Ham Radio Operators Enlisted to Track University-Built Satellite to Venus

Many of the transmitter and RF engineers I know are hams. Amateur radio gives them an opportunity to learn about and experiment with bleeding edge RF technology without risking taking the broadcast station off the air. Therefore, I wasn't surprised when ham radio operators were being asked to monitor the UNITEC-1 satellite on its path to Venus. Unitec is an acronym for "UNIsec Technological Experiment Carrier-1." Several universities in Japan are involved with the satellite. It will be launched, along with the main payload "Planet-C", developed by JAXA Japan, on an H-11A launch vehicle on May 18.

Amateur radio operators should be able to track the satellite using converted C-band satellite dishes, a wide band feed, a 5.8 GHz low noise downconverter and appropriate equipment to receive and demodulate the slow speed CW and FSK transmissions from the satellite.

See About Unitec-1 for more information on the satellite. It is small – 30x35cm weighing 15 kg or less. The 5.8 GHz transmitter will have an output power of about 15 watts. Solar cells around the cube can generate about 25 W.

OZ9AEC is making plans to monitor the satellite. The amateur radio station is planning on assembling a system consisting of a 7-meter parabolic dish with wideband feed, a low noise downconverter, a Universal Software Radio Peripheral (USRR) with an appropriate RF daughterboard and a GNU Radio-based software defined radio receiver.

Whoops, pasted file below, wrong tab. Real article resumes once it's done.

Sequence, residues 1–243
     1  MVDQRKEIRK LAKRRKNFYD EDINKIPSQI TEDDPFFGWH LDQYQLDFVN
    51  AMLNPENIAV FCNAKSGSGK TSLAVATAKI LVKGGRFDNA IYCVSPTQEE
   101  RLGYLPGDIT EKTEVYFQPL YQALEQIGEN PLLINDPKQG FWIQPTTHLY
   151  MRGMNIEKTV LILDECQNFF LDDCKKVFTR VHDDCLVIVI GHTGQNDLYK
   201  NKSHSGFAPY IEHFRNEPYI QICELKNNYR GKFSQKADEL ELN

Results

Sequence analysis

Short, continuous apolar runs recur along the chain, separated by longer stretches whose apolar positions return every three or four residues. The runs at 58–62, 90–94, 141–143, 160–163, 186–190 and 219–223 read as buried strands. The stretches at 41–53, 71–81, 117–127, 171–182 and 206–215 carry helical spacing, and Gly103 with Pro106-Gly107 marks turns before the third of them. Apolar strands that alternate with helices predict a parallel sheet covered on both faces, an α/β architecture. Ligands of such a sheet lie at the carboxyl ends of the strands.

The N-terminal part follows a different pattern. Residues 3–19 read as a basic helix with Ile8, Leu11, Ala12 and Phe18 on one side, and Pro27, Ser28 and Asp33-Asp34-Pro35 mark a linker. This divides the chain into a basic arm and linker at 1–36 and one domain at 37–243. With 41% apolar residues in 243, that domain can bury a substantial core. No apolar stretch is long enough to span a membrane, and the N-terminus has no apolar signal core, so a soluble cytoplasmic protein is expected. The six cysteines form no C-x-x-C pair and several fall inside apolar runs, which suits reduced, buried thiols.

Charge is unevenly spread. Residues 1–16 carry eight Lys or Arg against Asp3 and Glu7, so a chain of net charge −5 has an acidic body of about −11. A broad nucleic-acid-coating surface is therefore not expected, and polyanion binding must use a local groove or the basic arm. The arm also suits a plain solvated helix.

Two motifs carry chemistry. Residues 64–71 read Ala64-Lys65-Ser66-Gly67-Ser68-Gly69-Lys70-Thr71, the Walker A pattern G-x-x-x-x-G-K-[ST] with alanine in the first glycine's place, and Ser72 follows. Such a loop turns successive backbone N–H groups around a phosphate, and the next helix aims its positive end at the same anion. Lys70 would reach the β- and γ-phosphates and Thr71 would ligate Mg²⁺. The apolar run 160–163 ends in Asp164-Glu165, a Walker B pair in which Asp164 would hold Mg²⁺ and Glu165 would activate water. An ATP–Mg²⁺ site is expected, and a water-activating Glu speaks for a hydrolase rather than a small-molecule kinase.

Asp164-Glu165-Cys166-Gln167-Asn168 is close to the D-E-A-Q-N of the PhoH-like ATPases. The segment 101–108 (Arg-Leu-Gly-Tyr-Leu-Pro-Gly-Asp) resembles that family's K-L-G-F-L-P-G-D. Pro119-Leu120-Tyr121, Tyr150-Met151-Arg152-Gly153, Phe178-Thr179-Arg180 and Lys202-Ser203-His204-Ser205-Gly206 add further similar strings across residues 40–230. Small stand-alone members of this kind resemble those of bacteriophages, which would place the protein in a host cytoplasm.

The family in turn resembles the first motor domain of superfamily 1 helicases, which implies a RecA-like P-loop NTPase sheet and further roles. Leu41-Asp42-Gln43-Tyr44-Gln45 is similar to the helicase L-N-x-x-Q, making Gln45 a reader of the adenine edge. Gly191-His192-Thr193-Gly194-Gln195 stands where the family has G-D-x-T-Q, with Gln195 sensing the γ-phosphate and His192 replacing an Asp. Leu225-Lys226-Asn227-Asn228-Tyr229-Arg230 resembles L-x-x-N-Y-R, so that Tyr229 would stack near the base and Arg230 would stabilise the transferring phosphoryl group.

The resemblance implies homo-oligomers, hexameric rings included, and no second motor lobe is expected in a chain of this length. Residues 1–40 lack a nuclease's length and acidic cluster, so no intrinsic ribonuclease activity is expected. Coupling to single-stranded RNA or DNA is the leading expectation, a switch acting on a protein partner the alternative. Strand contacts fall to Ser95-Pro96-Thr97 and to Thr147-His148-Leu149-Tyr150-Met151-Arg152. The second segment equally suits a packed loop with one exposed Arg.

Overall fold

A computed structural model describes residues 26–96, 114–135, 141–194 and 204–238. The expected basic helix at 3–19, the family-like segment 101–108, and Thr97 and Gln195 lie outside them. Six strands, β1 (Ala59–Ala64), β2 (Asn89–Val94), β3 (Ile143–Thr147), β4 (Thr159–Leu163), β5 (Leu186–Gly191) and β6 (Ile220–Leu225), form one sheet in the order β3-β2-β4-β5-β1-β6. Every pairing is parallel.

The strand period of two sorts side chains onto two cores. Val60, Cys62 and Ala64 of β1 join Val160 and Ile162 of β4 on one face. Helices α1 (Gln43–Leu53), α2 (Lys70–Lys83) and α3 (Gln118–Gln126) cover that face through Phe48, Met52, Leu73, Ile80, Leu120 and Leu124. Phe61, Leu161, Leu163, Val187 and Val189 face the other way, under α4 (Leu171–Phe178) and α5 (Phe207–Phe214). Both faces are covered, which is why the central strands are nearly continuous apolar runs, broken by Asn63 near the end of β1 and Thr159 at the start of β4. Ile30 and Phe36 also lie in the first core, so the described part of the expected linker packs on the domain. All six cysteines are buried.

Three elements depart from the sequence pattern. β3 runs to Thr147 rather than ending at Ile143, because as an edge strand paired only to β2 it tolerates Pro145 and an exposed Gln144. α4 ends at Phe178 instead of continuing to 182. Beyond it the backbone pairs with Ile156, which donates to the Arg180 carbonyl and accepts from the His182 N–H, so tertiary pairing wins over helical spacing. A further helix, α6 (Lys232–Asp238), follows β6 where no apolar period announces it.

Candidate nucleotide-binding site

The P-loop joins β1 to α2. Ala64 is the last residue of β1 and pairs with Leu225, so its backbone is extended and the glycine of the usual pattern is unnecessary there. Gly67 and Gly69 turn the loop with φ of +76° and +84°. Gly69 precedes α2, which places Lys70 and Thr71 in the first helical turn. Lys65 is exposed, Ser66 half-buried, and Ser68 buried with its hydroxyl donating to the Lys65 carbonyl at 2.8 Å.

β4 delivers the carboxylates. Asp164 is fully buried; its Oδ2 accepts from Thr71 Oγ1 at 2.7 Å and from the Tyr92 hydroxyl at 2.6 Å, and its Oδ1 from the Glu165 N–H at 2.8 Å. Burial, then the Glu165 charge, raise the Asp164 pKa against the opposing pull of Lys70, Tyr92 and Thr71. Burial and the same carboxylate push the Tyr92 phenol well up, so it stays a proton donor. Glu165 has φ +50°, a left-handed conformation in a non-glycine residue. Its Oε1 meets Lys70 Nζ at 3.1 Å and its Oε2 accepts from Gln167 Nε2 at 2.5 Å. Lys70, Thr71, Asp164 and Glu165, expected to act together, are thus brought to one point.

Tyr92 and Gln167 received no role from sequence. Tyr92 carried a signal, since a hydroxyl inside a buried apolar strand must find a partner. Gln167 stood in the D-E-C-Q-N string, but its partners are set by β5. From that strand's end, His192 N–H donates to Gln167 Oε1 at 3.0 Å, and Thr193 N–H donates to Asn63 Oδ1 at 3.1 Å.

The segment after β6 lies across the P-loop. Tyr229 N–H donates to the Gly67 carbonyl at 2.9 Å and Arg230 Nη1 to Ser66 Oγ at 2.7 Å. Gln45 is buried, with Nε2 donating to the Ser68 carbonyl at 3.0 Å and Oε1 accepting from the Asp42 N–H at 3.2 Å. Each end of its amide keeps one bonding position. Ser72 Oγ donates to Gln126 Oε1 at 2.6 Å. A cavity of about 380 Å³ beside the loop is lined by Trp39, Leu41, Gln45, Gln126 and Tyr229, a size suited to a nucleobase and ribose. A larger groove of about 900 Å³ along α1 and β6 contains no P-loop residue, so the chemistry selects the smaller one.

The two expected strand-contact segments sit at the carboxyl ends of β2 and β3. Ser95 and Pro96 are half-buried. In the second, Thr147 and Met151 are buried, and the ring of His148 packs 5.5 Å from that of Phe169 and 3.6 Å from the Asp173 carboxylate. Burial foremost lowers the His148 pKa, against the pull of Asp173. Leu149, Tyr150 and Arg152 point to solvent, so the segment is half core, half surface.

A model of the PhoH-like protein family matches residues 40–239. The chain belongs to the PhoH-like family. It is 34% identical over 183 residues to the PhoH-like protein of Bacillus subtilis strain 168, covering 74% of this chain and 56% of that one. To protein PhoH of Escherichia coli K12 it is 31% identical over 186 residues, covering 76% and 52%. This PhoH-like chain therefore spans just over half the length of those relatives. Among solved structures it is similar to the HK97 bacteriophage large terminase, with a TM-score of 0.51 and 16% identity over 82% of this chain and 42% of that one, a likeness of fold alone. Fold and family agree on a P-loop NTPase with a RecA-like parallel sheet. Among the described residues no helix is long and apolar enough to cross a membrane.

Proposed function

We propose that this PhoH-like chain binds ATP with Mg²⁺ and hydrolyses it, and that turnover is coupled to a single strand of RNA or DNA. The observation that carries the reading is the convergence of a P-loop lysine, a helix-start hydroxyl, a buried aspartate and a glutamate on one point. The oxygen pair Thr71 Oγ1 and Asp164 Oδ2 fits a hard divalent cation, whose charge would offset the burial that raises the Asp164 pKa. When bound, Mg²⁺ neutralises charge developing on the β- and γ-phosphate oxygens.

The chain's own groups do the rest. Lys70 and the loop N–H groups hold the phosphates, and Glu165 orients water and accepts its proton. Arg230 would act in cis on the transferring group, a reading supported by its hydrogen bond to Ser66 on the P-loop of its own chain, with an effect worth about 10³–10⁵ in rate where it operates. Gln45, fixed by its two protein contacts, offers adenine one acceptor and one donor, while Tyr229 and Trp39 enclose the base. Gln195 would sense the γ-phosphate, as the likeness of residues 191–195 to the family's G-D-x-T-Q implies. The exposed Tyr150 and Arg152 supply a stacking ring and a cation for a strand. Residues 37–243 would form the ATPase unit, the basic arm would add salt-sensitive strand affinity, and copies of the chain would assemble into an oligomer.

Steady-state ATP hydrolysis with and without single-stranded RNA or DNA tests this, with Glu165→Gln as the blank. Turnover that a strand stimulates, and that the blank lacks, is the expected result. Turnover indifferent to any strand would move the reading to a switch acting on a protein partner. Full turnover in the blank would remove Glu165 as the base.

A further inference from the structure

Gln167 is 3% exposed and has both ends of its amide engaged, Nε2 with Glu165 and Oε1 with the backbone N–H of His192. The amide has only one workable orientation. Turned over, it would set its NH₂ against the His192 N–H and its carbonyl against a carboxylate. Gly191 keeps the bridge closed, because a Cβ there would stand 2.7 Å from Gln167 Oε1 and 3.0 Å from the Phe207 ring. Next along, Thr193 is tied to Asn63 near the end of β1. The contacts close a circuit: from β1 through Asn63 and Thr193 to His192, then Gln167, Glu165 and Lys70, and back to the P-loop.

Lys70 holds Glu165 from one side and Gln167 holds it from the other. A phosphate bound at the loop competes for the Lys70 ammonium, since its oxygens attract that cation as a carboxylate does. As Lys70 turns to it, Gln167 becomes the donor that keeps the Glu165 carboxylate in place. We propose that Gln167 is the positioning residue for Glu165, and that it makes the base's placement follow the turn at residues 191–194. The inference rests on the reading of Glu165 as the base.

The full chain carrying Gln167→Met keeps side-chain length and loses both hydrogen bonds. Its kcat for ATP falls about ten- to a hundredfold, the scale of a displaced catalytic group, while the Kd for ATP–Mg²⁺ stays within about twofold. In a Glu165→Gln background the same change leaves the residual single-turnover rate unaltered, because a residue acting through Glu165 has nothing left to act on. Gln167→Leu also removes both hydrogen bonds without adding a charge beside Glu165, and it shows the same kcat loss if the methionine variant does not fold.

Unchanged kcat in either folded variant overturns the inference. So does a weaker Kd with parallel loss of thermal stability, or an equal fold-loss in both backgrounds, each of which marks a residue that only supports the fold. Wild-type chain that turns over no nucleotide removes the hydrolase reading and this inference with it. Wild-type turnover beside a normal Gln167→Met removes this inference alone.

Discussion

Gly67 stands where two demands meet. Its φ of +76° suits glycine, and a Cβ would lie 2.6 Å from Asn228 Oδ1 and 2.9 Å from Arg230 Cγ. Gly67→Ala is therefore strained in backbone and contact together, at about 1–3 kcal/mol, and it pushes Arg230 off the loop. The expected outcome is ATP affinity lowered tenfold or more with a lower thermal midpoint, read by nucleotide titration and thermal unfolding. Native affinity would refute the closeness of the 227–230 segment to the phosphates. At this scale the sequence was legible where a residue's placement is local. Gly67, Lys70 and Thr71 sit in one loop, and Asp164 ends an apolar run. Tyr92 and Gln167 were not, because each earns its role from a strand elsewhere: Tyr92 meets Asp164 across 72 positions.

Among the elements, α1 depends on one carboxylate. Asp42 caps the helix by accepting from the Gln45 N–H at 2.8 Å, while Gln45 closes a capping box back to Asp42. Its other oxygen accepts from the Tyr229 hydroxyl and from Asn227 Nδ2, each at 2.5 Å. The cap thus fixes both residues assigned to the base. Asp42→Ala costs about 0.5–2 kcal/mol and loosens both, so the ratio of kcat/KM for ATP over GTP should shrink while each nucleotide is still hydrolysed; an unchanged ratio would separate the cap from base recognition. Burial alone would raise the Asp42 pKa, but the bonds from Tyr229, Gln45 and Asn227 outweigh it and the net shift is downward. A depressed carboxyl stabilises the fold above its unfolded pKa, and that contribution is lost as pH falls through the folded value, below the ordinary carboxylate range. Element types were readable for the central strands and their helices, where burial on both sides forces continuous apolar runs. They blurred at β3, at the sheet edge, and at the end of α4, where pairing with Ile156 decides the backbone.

Doug Lung

Doug Lung is one of America's foremost authorities on broadcast RF technology. As vice president of Broadcast Technology for NBCUniversal Local, H. Douglas Lung leads NBC and Telemundo-owned stations’ RF and transmission affairs, including microwave, radars, satellite uplinks, and FCC technical filings. Beginning his career in 1976 at KSCI in Los Angeles, Lung has nearly 50 years of experience in broadcast television engineering. Beginning in 1985, he led the engineering department for what was to become the Telemundo network and station group, assisting in the design, construction and installation of the company’s broadcast and cable facilities. Other projects include work on the launch of Hawaii’s first UHF TV station, the rollout and testing of the ATSC mobile-handheld standard, and software development related to the incentive auction TV spectrum repack. A longtime columnist for TV Technology, Doug is also a regular contributor to IEEE Broadcast Technology. He is the recipient of the 2023 NAB Television Engineering Award. He also received a Tech Leadership Award from TV Tech publisher Future plc in 2021 and is a member of the IEEE Broadcast Technology Society and the Society of Broadcast Engineers.